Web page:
Live Plants to Avoid in Your Freshwater Aquarium

Plants are great for aquariums; They create oxygen for your fish, keep your tank clean and just look good. But beware – pet stores often try to earn money by selling terrestrial (terrestrial) plants as aquatic. Although water is good for plants, the submergence of terrestrial plants in water is a bad idea. They will die and rot in your aquarium. The pollutants of the decaying plant are likely to kill your fish. When buying aquatic plants, make sure that you only buy genuine aquatic plants. Here are the brief descriptions of pet plant shops most often trying to sell as aquatic wannabes.

The most popular is the Dracena Marginata, or Dragon Tree. Dragon trees look like brushes, with trunks similar to palms and pointed leaves that come out of the top. Your friendly neighborhood pet store usually sells a baby version of this tree, but in nature they can reach 16 feet tall. Dracaena Marginata is considered a bamboo plant and actually needs dry conditions to grow and will die pretty quickly if it is submerged in the water.

Another popular pose is Algaonema. This is actually a popular domestic plant and is recognizable by its wide green leaves with waxy appearance. The Chinese believe that this is a good omen, but could mean bad things for your aquarium. Algaonema needs to be planted in heavy soil that is moist, not soggy, and will quickly die in water. In addition, they are toxic and cause a rash in the mouth and throat if ingested orally. So imagine what happens when it starts to rot in your aquarium after a few weeks!

The Brazilian sword, or Peace Lily, is another to avoid. The Lily of Peace resembles the Argentine sword, with long thin stems a few large shovel shaped leaves. This plant actually requires dry conditions to grow. It will take a long time to die in your tank but nevertheless should not be placed with your guppies because it can not thrive and will begin to die before you even realize it. The previous article argued that the Amazon and Argentine swords were large aquatic plants – but just because the "sword" is in the name make it a good plant to live with your fish!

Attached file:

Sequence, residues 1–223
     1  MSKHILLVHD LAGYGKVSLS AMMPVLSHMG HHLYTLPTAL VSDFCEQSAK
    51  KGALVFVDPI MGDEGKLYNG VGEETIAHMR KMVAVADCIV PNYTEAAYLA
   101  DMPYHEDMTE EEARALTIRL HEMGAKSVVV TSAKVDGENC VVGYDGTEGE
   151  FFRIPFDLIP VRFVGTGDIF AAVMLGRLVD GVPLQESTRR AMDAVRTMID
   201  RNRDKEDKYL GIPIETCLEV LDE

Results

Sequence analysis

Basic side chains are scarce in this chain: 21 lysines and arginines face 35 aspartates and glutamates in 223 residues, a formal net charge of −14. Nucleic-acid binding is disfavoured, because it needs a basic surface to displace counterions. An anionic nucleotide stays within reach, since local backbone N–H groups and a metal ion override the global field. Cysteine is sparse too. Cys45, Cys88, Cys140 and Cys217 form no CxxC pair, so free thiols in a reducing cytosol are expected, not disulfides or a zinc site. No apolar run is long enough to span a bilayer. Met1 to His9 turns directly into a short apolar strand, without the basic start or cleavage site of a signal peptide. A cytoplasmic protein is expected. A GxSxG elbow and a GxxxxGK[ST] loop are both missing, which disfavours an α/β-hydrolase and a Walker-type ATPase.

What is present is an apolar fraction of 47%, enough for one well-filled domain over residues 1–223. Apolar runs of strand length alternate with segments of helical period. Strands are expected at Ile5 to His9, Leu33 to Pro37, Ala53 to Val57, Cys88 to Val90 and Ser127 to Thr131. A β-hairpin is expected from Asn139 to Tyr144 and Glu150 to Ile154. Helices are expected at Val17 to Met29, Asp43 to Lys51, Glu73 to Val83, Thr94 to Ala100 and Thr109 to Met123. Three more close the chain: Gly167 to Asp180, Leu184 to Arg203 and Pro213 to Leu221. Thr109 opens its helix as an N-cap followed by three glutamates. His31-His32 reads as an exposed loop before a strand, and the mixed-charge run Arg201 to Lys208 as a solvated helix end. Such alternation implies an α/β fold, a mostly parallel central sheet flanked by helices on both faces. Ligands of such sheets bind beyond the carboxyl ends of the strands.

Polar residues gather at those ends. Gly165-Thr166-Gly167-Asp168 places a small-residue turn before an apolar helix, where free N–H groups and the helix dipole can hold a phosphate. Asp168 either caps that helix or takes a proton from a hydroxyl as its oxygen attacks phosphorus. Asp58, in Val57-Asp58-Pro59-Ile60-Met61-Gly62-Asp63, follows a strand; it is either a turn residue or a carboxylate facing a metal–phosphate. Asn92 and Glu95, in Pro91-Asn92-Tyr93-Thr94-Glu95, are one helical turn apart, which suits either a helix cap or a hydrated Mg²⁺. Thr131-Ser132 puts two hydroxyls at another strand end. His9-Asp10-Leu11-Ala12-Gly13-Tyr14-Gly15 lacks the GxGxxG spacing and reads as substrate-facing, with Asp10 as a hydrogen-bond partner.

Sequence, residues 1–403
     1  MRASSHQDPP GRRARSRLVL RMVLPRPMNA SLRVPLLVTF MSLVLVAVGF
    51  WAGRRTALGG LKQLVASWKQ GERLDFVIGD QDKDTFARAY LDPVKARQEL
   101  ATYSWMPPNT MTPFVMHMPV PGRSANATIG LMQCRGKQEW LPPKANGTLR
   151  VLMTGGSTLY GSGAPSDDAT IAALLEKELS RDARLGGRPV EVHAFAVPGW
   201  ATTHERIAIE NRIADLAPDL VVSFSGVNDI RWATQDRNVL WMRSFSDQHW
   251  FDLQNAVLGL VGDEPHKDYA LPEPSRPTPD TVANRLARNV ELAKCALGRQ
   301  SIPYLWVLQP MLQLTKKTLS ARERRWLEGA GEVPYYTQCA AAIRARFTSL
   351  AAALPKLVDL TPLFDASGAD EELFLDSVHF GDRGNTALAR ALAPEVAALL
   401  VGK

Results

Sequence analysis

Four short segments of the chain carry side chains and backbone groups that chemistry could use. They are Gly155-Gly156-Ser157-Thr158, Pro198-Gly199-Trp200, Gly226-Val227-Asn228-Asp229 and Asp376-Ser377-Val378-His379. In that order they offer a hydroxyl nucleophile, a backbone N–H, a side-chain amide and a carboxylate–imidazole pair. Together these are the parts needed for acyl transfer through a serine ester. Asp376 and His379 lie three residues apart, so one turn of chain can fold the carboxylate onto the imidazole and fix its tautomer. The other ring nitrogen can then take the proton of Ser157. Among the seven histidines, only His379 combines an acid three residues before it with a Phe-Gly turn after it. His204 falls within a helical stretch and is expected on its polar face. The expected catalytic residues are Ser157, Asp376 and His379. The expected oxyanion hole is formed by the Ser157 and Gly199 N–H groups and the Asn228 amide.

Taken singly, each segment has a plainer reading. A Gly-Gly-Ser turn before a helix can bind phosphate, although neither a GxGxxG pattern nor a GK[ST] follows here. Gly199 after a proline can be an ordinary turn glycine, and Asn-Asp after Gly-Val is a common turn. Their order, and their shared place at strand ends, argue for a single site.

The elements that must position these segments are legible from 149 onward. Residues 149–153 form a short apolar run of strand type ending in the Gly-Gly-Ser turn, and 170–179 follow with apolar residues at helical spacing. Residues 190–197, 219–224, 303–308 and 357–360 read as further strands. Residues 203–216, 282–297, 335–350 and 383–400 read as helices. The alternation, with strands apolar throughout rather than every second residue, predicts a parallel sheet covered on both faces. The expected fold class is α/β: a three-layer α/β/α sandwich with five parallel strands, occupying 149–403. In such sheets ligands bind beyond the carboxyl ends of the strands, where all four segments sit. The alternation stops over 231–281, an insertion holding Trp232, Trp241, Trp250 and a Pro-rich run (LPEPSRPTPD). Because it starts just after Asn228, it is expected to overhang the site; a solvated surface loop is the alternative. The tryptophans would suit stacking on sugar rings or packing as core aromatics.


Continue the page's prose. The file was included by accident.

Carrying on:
Cherry hedge and green hedge are other terrestrial Plants that sneak their way on the shelves of pet stores with genuine aquatic plants. They all go well for a long period of time but will die after several months at the most and should not be immersed in the water. The cherry and green hedges have a similar appearance. They are both short, light green, and bushy. The green hedge has leaves smaller than the cherry hedge. These plants are rustic but need dry conditions in order to grow.

Mondo Grass certainly seems exotic. It comes in bush form and looks like a pile of pale green grass. This is a terrestrial plant that needs little care. Just very little watering and soil drains well. Due to its drier needs, Mondo grass usually takes only two months to die if submerged in water.

Finally, White and Red Arrowhead are other evil beauties that will condemn your fish habitat to extinction. The arrowheads are tall plants with fine stems and arrow-shaped leaves at the top. The white arrowheads are more pale green, while the red arrowheads have dark green edges and reddish centers. Their natural habitat is close to lakes and ponds, but it is a bad idea to put them in the water as they will die quickly.

The need to do the proper research before buying anything for your aquarium can not be stressed enough. Also, take care of the plants right, so that they will not become the enemy. Cut them so they do not overcrown and hide your fish. Limit the tank to two floating plants. Oxygen comes across the surface, and having too much plant growth above the fish could choke them. Follow the rules, do your research, do not fall for the purchase of a terrestrial plant, no matter how many pet store clerks say it is okay, and you Will have a very healthy and natural-looking habitat.



Source by Garry-Ian Macdonald

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